up the miracle of good writing that flourishes
when clear thinking and expressive language
feed on each other.
Rosa Luxemburg’s letters have been published in English before, but this collection, of
which about two-thirds are newly translated,
has delivered to us a real, recognizable human
being. In the previous volumes, Luxemburg
often seemed uniformly heroic; here we have
her in all her strength and all her frailty. And it
is in the letters from prison, more than in any
others she wrote, that she emerges as one of
the most emotionally intelligent socialists in
modern history, a radical of luminous dimension whose intellect is informed by sensibility,
and whose largeness of spirit places her in the
company of the truly impressive. To one old
comrade she writes, “To be a human being
means to joyfully toss your entire life ‘on the
giant scales of fate’ if it must be so, and at
the same time to rejoice in the brightness of
every day and the beauty of every cloud…the
world is so beautiful, with all its horrors, and
would be even more beautiful if there were
no weaklings or cowards in it.” With another
friend, she indulges in descriptive memories
of wandering in a field on a spring day, listening to the St. Matthew’s Passion in a Berlin
church, hearing a beer wagon rattle down the
street, looking at the flower shop and the cigar
store that flank a suburban railroad station—
somehow associating all this sensuality with
the Cause. Hers was a spirit that never ceased
responding to the world as it was—even as she
fought for a world that could be. The intactness of her responsive nature, throughout the
years, seems remarkable; especially so when
we consider what she was up against in her life
with Leo Jogiches.
From earliest times, Luxemburg had felt
existentially homeless. She believed that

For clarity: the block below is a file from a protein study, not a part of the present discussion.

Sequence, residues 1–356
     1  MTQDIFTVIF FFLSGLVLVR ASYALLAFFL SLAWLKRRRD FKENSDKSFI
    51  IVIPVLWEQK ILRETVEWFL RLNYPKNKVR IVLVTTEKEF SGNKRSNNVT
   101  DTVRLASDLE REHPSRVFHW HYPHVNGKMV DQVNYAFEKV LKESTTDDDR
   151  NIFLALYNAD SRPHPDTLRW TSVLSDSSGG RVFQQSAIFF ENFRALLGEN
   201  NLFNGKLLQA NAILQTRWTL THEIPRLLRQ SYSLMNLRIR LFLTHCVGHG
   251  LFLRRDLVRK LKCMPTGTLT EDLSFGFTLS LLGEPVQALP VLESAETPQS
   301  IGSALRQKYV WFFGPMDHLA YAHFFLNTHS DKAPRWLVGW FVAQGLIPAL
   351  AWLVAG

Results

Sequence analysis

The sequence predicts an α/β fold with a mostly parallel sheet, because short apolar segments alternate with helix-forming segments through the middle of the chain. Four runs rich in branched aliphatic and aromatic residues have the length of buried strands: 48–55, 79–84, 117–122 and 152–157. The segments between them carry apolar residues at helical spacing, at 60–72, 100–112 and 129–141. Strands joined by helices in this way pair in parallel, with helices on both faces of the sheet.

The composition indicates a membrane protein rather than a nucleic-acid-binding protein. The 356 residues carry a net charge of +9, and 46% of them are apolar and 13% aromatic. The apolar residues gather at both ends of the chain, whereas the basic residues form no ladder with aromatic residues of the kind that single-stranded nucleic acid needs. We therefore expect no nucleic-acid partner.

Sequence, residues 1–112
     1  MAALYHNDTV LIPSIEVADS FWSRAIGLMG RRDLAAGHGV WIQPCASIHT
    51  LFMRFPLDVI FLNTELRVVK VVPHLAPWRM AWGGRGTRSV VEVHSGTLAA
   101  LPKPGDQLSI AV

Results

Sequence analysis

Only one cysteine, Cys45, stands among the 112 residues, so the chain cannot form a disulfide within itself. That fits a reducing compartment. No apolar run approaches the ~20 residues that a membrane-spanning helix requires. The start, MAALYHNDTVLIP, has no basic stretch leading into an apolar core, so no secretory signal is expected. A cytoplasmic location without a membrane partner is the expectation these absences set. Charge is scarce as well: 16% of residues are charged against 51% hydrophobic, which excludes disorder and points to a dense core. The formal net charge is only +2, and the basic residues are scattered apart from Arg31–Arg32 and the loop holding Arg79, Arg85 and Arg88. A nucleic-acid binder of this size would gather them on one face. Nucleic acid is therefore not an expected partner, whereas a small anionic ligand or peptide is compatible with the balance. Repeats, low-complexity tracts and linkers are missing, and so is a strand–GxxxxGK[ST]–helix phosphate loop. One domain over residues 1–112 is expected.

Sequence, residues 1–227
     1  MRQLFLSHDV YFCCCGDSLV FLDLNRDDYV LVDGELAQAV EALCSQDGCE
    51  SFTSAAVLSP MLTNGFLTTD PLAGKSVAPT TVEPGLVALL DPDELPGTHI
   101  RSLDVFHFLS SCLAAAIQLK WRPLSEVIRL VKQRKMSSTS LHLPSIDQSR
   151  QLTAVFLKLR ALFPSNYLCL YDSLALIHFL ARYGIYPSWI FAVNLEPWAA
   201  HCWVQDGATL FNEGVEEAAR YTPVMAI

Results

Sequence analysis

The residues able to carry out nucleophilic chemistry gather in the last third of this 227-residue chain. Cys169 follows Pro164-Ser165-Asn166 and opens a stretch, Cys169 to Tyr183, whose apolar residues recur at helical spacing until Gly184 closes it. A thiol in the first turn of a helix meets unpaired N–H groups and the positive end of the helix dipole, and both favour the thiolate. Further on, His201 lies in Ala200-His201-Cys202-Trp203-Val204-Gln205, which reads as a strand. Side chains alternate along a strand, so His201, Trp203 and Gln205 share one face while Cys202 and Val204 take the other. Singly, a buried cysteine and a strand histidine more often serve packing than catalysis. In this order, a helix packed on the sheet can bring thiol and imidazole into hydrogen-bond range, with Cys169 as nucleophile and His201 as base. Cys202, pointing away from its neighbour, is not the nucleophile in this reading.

“home” was to be found in a cause great
enough to make world and self come together
in a common effort to renew the human race.

That effort, of course, was socialism. At the
same time, she understood—really understood—that socialism had to be made, on a
daily basis, from the inside out, through the
internal struggle of people to humanize (that
is, “socialize”) themselves, even as they worked
for radical change. She knew instinctively that
if socialists closed down inside, they’d become
the kind of people who, devoid of fellow
feeling, would make police-state socialism.
This was Luxemburg’s single most important
insight—that socialists must remain empathic
beings throughout their revolutionary lives.
Otherwise, she asked, what kind of world
would they be making? Whom would it serve?
And how would human existence be bettered?
This meditation never left her; in fact, as the
years went on it grew in size and depth. Out
of it, ultimately, comes her opposition to war,
her criticism of Lenin, her analysis of why she
reads Tolstoy in prison instead of Marx.
And it all begins—and ends—with Leo.
It was with Leo that she hungered to see this
great ideal of hers come to life, with Leo that
she wanted to make, in the here and now, a
socialist home within themselves, through
the nourishment of mutual love. Leo, however, would not play ball—and Rosa could